Flying Fox: Enhancing Cybersecurity Through Continuous Wireless Device DetectionContinuous Wireless Device Detection

Case Study

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Image Credit: U.S. Army photo by Steve Stover

Enhancing Cybersecurity Through Continuous Wireless Device Detection

March 24, 2020

The Challenge

To protect its sensitive compartmented information facilities (SCIFs), the U.S. federal government has implemented no wireless policies with strict 24/7 compliance mandates to ensure wireless technologies are not brought into secure spaces. Proving compliance with these policies is an urgent and growing challenge for facilities directors.

A picture containing a wall of small lockers, used for phones

PED lockers like this are nearly universal when entering a SCIF, yet almost all organizations are struggling to ensure personnel always remember to use them.

The Solution

Integrating Epiq Solutions' Flying Fox, the only real-time passive wireless intrusion detection system on the Department of Defense's Information Network Approved Products List (DoDIN APL), as part of a layered security approach. Upon deployment, the simple Flying Fox graphical user interface (GUI) provides real-time detection and geo-location of any cellular, Wi-Fi®, or Bluetooth® device within the secure facility.

The Need for Wireless Device Detection in Secure Facilities

Across the United States there are thousands of SCIFs that need to be protected from wireless intrusions. The most common, and therefore risky, wireless intrusion is from personal electronic devices (PEDs) with cellular, Wi-Fi, and/or Bluetooth capabilities that are intentionally or mistakenly brought into secure spaces by authorized personnel. These devices are ubiquitous, easy to conceal, and not hard to forget about.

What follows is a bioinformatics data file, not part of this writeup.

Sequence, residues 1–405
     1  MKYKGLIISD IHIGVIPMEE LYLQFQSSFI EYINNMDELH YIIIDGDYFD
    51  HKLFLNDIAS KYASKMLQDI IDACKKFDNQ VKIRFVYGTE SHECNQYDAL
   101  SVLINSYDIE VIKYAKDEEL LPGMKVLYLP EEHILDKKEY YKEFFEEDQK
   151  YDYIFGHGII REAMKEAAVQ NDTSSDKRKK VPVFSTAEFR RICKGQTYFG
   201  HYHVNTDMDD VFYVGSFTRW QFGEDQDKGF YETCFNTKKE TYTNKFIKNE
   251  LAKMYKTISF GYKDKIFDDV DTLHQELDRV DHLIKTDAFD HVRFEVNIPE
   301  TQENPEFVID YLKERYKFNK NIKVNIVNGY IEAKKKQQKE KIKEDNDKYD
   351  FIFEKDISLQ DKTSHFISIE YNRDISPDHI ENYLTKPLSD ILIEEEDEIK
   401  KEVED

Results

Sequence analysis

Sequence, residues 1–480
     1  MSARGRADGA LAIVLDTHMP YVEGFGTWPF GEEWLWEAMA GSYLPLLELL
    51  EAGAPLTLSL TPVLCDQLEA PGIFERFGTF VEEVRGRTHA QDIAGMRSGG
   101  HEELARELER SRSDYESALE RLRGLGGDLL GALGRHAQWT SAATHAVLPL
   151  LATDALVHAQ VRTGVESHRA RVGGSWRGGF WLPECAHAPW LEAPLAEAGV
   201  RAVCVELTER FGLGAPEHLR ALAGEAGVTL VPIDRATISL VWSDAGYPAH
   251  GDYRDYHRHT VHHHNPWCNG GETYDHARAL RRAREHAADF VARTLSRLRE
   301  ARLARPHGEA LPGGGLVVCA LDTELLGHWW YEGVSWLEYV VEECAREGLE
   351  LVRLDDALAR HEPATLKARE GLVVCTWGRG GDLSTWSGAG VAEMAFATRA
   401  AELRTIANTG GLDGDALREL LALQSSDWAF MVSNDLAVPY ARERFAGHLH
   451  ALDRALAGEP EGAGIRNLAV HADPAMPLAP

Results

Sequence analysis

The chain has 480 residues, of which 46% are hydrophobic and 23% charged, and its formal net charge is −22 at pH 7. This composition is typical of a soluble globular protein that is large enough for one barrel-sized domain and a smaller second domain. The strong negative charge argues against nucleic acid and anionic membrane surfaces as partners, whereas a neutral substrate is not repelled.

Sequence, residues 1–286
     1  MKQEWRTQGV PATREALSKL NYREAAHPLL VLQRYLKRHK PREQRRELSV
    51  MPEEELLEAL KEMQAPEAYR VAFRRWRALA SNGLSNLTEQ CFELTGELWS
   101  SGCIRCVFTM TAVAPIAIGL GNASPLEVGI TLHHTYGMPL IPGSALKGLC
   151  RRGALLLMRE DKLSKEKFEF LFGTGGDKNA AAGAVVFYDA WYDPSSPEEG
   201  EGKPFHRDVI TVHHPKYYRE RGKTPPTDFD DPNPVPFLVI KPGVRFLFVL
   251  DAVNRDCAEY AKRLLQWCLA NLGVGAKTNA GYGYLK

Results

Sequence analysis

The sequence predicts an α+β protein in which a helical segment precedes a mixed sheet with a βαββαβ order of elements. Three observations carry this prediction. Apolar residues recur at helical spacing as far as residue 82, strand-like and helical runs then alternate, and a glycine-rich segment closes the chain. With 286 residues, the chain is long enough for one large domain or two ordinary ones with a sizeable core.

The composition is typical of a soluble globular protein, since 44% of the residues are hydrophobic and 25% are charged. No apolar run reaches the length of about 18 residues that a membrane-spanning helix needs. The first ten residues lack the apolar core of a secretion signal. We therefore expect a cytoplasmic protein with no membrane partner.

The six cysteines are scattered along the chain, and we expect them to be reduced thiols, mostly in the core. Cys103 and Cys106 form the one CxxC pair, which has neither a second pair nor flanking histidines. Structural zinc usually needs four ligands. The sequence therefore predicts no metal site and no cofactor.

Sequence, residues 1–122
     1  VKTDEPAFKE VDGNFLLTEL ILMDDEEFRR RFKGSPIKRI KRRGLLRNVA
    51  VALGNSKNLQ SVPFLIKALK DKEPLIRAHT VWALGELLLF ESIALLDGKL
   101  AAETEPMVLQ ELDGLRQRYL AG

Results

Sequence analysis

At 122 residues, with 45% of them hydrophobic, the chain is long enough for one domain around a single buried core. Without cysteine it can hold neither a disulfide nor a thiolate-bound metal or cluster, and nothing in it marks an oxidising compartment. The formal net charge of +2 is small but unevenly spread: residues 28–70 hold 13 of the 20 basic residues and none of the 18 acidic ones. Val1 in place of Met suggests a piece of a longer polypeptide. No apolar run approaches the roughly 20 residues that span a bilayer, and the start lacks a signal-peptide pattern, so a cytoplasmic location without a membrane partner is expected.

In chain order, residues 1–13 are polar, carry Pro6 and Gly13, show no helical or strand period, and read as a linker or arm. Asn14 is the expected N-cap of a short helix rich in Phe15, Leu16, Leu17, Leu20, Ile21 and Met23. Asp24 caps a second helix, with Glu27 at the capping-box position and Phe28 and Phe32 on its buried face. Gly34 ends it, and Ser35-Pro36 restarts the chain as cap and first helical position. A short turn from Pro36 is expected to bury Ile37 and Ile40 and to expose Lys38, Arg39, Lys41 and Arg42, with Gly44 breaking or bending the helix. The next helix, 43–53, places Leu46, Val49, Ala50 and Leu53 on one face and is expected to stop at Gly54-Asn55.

As a response to these threats, several regulations are now in place to address the presence of PEDs in secure spaces, including DoD Directive 8100.02: Use of Commercial Wireless Devices, Services and Technologies in DoD GIG, Army Regulation 380-28: Army Sensitive Compartmented Information Security Program, and DHS Management Directive 11021: Portable Electronic Devices In SCI Facilities. These regulations and policies make compliance the responsibility of the facility director and impose strict requirements for keeping PEDs out of secure facilities 24/7.

To make compliance even more complicated and challenging, in today's highly connected world, the number of commercial PEDs that can transmit signals via Wi-Fi, Bluetooth, or cellular is constantly growing. Thus, the likelihood of an employee accidentally bringing a PED into a SCIF is ever increasing.

Classic Cybersecurity Solutions Don't Provide Accurate 24/7 Detection and Protection

A picture of a sign indicating that phones are not permitted